What are the symptoms of PCOS and how do you know if you have it?

PCOS stands for Polycystic Ovarian Syndrome. It is a very common hormone disorder, affecting around 1 in 5 women. It can run in families and is one of the leading causes of female fertility problems. Here's an overview of the symptoms of PCOS and how to know if you have it.

6
min read
Published
24/5/2023

PCOS stands for Polycystic Ovarian Syndrome. It is a very common hormone disorder, affecting around 1 in 5 women. It can be hereditary and is one of the leading causes of female fertility problems. Lots of the symptoms of PCOS can be seen in other health conditions so it's important to speak to a doctor to get a proper diagnosis so you can treat the condition.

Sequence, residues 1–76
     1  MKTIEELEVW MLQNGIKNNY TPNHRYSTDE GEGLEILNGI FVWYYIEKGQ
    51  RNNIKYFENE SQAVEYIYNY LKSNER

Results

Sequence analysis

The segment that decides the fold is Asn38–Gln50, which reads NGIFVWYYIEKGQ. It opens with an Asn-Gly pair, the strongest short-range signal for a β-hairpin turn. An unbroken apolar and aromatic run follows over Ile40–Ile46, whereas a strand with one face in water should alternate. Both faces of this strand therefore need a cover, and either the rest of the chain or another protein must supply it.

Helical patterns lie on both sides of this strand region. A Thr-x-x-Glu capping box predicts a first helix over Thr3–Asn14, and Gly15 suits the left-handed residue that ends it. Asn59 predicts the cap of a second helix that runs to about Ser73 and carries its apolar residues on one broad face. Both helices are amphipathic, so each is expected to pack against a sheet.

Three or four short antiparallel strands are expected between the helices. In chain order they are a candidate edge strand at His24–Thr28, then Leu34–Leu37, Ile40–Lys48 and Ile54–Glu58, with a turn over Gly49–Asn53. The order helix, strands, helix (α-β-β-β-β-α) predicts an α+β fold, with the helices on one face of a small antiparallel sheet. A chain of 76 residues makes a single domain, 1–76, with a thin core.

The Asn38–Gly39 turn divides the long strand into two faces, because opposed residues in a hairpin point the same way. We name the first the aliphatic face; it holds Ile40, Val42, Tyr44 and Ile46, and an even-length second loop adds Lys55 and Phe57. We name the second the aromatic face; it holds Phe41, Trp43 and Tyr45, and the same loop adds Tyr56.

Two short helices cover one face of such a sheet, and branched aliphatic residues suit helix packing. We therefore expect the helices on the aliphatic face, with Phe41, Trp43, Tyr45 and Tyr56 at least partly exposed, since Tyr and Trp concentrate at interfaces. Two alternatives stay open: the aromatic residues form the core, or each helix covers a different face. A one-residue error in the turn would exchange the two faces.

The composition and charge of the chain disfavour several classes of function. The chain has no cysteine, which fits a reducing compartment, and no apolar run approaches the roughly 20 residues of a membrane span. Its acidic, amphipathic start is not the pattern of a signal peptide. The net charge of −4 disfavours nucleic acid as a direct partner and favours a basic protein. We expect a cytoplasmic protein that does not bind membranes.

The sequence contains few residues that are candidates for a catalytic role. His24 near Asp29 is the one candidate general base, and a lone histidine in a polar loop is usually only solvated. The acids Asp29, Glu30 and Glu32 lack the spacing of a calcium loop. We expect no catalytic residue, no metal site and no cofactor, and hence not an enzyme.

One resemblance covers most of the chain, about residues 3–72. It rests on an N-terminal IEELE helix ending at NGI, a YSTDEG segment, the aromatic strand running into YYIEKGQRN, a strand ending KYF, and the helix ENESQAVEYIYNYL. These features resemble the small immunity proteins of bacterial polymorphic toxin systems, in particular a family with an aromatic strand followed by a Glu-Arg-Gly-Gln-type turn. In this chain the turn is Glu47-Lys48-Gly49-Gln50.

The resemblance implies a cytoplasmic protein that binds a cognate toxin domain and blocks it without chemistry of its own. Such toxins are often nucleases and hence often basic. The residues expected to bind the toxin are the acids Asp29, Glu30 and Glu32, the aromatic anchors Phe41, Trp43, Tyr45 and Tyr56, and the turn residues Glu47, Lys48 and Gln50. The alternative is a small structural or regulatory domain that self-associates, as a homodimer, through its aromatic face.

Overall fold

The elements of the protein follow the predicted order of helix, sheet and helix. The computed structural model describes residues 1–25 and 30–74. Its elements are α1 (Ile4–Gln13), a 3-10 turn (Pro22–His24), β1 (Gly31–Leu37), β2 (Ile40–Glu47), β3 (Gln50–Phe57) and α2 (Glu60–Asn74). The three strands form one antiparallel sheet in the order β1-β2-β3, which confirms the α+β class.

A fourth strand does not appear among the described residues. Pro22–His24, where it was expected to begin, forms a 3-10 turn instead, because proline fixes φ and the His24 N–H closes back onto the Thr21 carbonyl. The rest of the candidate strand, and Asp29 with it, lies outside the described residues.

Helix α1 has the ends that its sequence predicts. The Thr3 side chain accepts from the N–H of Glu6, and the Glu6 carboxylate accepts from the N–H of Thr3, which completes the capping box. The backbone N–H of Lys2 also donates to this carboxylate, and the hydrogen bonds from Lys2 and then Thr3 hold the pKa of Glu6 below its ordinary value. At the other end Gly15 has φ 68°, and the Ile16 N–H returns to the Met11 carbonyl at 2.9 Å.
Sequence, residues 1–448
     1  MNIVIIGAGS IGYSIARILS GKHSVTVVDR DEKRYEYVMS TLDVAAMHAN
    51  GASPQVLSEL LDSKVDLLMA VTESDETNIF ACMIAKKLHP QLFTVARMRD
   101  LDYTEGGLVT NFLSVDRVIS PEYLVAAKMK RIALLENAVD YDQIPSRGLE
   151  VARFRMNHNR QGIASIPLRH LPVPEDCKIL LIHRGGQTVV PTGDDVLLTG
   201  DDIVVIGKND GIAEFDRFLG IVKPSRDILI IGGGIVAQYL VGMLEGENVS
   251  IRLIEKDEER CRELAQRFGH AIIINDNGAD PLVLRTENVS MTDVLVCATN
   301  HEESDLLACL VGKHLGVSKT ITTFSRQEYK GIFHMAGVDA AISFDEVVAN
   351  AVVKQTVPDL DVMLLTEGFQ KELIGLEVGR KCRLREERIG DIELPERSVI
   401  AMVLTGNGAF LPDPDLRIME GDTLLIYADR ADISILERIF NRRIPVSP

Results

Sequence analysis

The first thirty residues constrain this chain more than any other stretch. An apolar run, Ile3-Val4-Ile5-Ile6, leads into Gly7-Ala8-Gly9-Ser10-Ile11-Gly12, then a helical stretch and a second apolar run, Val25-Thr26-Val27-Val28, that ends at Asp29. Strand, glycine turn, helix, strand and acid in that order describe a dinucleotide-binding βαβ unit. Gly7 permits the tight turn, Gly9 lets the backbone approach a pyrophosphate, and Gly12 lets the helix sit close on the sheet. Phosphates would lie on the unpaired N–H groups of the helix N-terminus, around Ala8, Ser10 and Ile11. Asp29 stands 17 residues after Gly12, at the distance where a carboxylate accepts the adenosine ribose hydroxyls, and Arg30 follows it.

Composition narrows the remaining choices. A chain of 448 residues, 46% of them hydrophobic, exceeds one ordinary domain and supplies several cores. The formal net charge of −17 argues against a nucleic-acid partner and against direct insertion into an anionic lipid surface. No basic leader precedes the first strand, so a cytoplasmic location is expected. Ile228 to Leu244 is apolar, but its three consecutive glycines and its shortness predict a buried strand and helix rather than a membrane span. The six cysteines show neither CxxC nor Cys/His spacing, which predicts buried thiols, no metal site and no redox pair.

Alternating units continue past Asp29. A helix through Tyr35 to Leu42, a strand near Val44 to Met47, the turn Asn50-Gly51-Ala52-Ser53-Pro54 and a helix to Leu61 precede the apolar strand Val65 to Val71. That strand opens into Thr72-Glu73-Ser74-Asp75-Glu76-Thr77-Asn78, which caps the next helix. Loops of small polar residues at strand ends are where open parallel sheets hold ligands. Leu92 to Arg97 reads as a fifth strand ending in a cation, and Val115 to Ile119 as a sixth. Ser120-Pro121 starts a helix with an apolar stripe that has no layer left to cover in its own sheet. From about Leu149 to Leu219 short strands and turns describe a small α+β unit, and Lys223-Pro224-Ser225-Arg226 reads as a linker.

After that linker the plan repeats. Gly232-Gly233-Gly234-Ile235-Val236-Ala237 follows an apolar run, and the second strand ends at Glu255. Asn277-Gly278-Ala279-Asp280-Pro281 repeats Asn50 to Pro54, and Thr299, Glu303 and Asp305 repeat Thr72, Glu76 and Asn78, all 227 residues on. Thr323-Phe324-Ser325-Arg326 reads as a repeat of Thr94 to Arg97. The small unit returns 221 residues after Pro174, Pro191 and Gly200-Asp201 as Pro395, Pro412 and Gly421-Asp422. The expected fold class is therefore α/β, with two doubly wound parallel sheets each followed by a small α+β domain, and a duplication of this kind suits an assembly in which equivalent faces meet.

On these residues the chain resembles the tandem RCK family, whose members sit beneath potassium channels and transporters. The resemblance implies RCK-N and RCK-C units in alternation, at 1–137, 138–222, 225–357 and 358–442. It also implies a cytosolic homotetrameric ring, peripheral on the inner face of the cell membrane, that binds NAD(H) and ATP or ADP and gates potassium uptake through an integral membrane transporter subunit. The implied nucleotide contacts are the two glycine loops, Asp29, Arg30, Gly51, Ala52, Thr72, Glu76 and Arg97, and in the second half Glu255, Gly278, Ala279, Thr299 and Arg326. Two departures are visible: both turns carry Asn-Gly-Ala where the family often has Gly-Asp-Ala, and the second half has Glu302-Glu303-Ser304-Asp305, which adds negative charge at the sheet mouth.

What are the three main features of Polycystic Ovarian Syndrome?

  1. Polycystic ovaries or ovarian cysts – your ovaries become enlarged and contain many fluid-filled sacs (follicles) that surround the eggs (but despite the name, you do not actually have cysts if you have PCOS)
  2. Irregular periods – which means your ovaries do not regularly release eggs
  3. Excess androgen levels – high levels of "male" hormones in your body, which may cause physical signs such as excess facial or body hair

In order to be diagnosed with PCOS, you need to have at least 2 of these 3 features. If you're worried that you might have any of the symptoms of PCOS, speak to your doctor or Fertifa patient advisor as soon as possible 💜

Symptoms of PCOS are usually noticed in your late teens or early 20s

The most common symptoms include:

  • Irregular menstrual periods or no periods at all
  • Difficulty getting pregnant (as a result of irregular ovulation)
  • Excessive hair growth – usually on the face, chest, back or buttocks
  • Weight gain
  • Thinning hair and hair loss from the head